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The Poet: A dark psychological journey

The Poet by Michael Connelly is the fifth book in the Boschverse and much more of a dark psychological journey than the series up to this point. It is the first story not feature Harry Bosch and focus instead on writer Jack McEvoy a small town journalist his twin brother has been mysteriously in his view murdered.

The book is also the first appearance of FBI agent Rachel Walling.

Spoiler-free synopsis

Jack McEvoy, a journalist on a local Denver newspaper, is unable to believe that the death of his twin brother is suicide. His brother’s body is found in his car by an icy lake with a single bullet wound. His brother’s police colleagues point to a suicide note that quotes Edgar Allen Poe but McEvoy is determined to seek the truth.

Through McEvoy, Michael Connelly takes us on an investigative journalist’s search for a story, and a truth, across North America. There seems to be a trend of similar suicides. All policemen who had been dealt one final, troubling case. At the same time child pornographer, William Gladden’s story unfolds in California.

Neither of these two characters seem to have anything in common until the arrival of the Federal bureau of investigation in the form of Rachel Walling and her section commander. Added to this, the mysterious character called Eidolon. A person who seems to have a preoccupation with the words of Edgar Allen Poe.

All this leads to a dark psychological journey through multiple deaths and the minds and motivations of all those involved.

The dark side of the 90s

The Poet first came out in 1996. The mid-90s was the perfect collision of paranoia, conspiracy theorists and access to dial-up internet. Linear TV broadcast was at a peak that it has never again reached and the X-Files was compulsive Sunday night viewing and later-Sunday night IRC chat.

Web-pages were on Geocities and 28kbs modems slowly allowed paranoid fantasies to coalesce, line by line onto 15ins CRT monitors. HD digital photography was 480×360 jpegs.

This is the era of The Poet. Part of the joy of reading the story today – in our enlightened fibre-optic, Snopes-ified myth-busting, lack-of-shock at damn fine coffee world is that the pace and tone of Connelly’s character interactions reminds you of that dark-suited lack of trust.

This is a book that follows the VHS zeitgeist of Anthony Hopkins methodically scaring the sh*t out of a living room. The Poet could well be the blueprint for 20 seasons of Criminal Minds.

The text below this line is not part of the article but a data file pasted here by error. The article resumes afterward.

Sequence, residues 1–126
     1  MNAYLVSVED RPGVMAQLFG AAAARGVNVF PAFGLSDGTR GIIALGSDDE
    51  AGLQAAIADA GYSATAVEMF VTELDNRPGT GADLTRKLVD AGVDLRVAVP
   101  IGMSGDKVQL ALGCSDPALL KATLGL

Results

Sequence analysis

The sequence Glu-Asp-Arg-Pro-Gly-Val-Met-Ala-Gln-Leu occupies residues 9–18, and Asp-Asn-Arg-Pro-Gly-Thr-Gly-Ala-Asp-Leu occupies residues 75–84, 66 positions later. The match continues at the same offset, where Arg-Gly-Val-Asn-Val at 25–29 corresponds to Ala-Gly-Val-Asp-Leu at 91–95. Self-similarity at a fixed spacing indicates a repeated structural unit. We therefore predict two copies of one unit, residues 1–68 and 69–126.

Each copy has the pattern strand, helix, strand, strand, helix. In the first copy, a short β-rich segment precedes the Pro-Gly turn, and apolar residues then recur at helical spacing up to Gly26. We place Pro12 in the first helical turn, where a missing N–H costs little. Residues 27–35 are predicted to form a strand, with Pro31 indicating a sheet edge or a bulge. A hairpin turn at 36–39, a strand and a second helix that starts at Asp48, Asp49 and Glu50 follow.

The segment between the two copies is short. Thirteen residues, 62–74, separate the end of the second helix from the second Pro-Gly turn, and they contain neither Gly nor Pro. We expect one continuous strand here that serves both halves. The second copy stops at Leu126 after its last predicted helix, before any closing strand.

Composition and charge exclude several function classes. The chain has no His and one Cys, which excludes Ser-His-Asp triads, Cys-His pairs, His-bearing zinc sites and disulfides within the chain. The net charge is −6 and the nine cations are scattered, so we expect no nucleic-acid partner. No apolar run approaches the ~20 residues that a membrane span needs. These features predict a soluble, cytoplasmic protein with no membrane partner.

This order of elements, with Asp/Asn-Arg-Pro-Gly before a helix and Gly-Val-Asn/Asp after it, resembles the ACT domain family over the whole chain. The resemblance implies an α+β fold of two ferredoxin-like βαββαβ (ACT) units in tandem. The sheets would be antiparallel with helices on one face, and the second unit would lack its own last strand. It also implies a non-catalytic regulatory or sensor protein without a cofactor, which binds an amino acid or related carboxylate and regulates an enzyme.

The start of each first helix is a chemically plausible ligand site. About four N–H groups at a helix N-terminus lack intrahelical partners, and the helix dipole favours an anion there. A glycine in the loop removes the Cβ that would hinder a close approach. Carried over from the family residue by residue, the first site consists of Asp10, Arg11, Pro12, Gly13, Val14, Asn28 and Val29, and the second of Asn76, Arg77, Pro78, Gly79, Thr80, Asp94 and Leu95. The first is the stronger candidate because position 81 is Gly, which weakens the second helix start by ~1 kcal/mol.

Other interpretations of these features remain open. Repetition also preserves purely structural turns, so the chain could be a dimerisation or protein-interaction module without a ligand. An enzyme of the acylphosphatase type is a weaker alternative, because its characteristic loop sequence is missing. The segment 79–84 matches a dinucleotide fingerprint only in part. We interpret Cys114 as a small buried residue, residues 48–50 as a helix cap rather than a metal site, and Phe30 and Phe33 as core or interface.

Compelling characterisations

As in most of his books, Connelly manages to write characters who have a sense of depth to them. You can feel the motivations and it is rare that they jar your sense of identity. The Boschverse by now is managing to world-build quite succesfully. Despite these being all-new characters, there is a sense that they all fit into a larger scheme.

McEvoy is driven, Walling is the highly intelligent subordinate – who may be held back to her position by out-moded gender perceptions. Gladden, for all his vile and disgusting predilictions, is written in a way that you genuiely feel he is a victim of society. He cannot see his own abhorence and that victimised sense wanders off the page. A character trait only hand-braked by the sheer mercenary nature of his LA legal representation.

Page turning till the end… and then some

Connelly doesn’t ever deceive in his Boschverse. As a trained journalist he knows how to build structure, and lead the reader exactly where he needs them to go. The evidence is there throughout the narrative and like McEvoy, you just need to follow where the story is leading you. You will pat yourself on the back with 100 pages to go – I promise.

Difficult subject matter deftly handled

This is a minor shift from the procedural format of the preceeding books. Connelly builds the narrative of The Poet as both character piece and also with the feel of a handbook on deviant behaviour. It is part story and part evaluation of a diseased society. It is a tough but rewarding read. In hindsight from 2020 you are reading a 90s book and some of the tropes are more familiar today. At publication it won awards – rightly so.

Even now it merits a sustained read. I struggled to put this one down.

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